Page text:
This is put on two grounds. The first will be disposed of presently in connection with the matter of license mentioned in the statute. The second reads as follows: "Suppose A leases land to B for a term of fifty years, and by the terms of the lease B is obligated to erect a twenty-story new building after ten years have elapsed, which building shall be the property of A subject to the terms of the lease. Can it be said that A, the owner, is the 'person causing the excavation to be made;' or, if the excavation goes below eight feet, that A is under an absolute and non-delegable duty to preserve the adjoining wall? We submit that B, the lessee, or his independent contractor, if he had one, would be the person charged with the duty."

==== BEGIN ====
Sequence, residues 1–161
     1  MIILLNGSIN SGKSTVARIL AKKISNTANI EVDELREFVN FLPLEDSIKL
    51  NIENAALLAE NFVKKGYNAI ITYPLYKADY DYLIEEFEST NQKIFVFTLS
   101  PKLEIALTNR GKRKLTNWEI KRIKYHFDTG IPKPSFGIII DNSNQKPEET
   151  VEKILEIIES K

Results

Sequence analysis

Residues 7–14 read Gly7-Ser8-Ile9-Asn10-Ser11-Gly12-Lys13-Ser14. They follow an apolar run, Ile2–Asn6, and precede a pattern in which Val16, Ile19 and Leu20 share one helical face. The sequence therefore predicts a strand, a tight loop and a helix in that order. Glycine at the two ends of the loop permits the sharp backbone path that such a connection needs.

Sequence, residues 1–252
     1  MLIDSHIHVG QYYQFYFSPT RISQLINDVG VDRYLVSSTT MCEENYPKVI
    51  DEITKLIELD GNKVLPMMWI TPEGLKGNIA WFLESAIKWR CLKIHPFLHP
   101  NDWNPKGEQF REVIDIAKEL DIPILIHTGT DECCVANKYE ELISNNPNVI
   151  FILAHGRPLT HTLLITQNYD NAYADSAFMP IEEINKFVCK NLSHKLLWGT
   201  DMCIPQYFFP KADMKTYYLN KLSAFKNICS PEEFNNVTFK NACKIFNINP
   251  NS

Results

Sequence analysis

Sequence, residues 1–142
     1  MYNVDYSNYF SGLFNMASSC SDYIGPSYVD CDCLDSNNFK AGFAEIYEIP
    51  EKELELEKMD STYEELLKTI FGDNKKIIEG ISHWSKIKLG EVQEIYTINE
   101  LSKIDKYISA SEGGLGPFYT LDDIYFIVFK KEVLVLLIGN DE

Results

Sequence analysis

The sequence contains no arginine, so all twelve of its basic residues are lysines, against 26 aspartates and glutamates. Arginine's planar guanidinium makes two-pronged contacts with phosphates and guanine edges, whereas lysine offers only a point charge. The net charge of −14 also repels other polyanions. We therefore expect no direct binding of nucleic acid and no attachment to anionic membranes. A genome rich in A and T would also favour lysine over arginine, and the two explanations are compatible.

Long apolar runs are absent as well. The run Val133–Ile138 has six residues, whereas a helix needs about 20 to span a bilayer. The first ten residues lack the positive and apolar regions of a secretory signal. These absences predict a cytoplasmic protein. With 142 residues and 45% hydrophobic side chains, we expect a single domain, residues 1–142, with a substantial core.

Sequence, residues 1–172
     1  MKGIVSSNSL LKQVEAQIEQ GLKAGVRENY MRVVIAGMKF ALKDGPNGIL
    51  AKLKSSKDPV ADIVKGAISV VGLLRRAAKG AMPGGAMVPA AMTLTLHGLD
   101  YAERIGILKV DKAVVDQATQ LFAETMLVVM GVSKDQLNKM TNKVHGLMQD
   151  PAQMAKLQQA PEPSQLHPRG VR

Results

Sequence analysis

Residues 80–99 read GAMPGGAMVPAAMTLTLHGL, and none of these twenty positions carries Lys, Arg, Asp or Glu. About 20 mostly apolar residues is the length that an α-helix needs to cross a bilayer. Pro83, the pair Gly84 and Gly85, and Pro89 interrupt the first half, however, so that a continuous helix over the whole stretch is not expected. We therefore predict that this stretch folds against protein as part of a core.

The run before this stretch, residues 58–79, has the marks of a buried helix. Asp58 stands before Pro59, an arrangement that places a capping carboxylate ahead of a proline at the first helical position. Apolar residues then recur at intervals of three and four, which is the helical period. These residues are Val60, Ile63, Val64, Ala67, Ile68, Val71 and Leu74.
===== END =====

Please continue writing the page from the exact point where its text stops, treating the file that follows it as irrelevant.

No such case is before us: but it would seem that if the owner of the fee lays another person, whether tenant or contractor, under a contractual obligation to excavate on that owner's land to the possible danger of a building on adjoining land protected by this statute, such owner assumes the risk incident to that obligation. A mere privilege to the tenant, without any obligation, would probably be a different matter; but there is no tenant in this case, and no final decision on that situation is intimated.

The next main point is that the "license" to enter on the adjoining land was extended to Howie and not to the bank. But this would seem to be a mere juggling with words. The language of this stipulation of facts, which counsel have elected to substitute for a transcript of the evidence (and apparently without any supervision or correction by the trial judge), reads as follows:

"The plaintiff, who was present and inspected Howie's work from time to time, gave him permission to go upon

[109 NJL Page 41]